But the consequences of ignoring fraud can be drastic too, and whole evidence bases, sometimes for medical treatments, can be polluted by fraudulent studies. The entire purpose of the scientific endeavor is brought into question if its gatekeepers—the reviewers and editors and others who are supposed to be the custodians of scientific probity—are so often presented with evidence of fraud and so often fail to take action.

If unpaid Minecraft mods can produce a 29-page mathematical analysis of Dream’s contested run, then scientists and editors can find the time to treat plausible fraud allegations with the seriousness they deserve. If the maintenance of integrity can become such a crucial interest for a community of gaming hobbyists, then it can be the same for a community of professional researchers. And if the speedrunning world can learn lessons from so many cases of cheating, there’s no excuse for scientists who fail to do the same.

Not only is scientistry – the profession of science – entirely corrupt, but the massive extent of its corruption has rendered a) the knowledge base unreliable and b) cast every claim of an application of scientody – the scientific method – into intrinsic doubt.

The corollary to this is that anyone demanding that one “trust the science” is not only engaging in rhetoric, but is either doing so in ignorance or for the purposes of deceit.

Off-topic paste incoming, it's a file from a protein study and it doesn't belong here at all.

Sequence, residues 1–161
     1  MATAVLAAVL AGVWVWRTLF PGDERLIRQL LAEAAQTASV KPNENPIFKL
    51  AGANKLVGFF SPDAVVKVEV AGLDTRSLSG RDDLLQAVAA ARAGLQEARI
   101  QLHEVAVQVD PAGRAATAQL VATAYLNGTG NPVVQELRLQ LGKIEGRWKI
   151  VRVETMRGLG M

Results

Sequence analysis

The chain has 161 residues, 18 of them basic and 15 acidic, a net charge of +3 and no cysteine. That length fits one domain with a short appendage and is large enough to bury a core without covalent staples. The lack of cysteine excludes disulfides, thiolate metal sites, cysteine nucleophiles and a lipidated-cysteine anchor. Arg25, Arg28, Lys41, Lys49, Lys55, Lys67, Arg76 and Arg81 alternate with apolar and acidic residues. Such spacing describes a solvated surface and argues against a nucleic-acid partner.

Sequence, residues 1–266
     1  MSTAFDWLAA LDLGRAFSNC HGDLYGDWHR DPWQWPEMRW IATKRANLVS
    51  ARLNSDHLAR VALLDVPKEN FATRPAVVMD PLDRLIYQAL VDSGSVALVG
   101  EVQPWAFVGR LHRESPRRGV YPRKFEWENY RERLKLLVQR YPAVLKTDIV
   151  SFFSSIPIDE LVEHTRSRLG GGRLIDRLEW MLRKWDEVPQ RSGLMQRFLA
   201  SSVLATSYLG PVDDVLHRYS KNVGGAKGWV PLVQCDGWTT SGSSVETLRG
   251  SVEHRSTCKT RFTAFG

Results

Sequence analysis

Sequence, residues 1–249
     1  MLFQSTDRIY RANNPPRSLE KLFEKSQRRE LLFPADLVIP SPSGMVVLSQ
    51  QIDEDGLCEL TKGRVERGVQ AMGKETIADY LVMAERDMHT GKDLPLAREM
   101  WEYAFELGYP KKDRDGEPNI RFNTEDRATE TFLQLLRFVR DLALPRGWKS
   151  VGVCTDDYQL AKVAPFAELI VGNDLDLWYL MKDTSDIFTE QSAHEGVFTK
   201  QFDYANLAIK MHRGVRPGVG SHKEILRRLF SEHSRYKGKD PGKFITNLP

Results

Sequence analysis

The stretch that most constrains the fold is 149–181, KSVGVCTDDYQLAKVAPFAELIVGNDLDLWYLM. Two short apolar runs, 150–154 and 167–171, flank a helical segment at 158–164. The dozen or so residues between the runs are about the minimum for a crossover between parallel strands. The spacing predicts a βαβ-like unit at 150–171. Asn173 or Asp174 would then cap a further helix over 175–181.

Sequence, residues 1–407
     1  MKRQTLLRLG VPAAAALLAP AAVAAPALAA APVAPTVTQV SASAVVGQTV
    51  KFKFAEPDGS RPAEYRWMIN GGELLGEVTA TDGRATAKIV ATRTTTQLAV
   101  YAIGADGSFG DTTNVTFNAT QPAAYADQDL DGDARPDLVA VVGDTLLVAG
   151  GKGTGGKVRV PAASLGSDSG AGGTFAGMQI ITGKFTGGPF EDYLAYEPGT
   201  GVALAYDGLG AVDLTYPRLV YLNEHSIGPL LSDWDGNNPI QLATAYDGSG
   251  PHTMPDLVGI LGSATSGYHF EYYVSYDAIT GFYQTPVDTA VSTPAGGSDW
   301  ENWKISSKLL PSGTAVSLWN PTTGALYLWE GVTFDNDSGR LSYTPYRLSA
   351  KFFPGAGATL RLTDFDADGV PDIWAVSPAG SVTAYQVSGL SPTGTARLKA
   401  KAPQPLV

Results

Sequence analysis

Scientists don’t catch fraud because they don’t want to. It’s not in their interest and it has not been for decades. Never trust science. There is a word for the kind of science you can trust, and it is a distinct subset of science, being comprised of a hypothesis that has not only been tested, but applied in practice.

Trust God and engineering.


Bad News for Gamers

A former Microsoft employee explains why the recent purchase of Activision, which previously purchased Blizzard, is very bad news for gamers:

So. Question: You’re in a company filled to the brim with nerds. You have some big, impressive looking skybridges that are empty and not being used for anything in particular?

What do you do?

You fill them with classic arcade video games. Obviously. Or at least you line the sides with arcades (so there’s still plenty of room to use them as hallways).

Microsoft Main Campus. The arcade skybridges were in the buildings circled in blue.
That’s exactly what folks did.

We’re talking… maybe two dozen arcade games were in these hallways at any given time. All set to free-play, naturally.

Each game was brought in by employees who had their own personal collections. Often times because they spent more time at work (Microsoft was famous for 80 hour work weeks back then)… so bringing in some arcade games helped boost morale. Made the place feel that much more like a nerdy home.

It was this way… for years and years. The arcades graced the hallways of these buildings (and others on Microsoft Main Campus) long before my time.

File:Retrovolt Arcade 2017 – Arcade Machines 1.jpg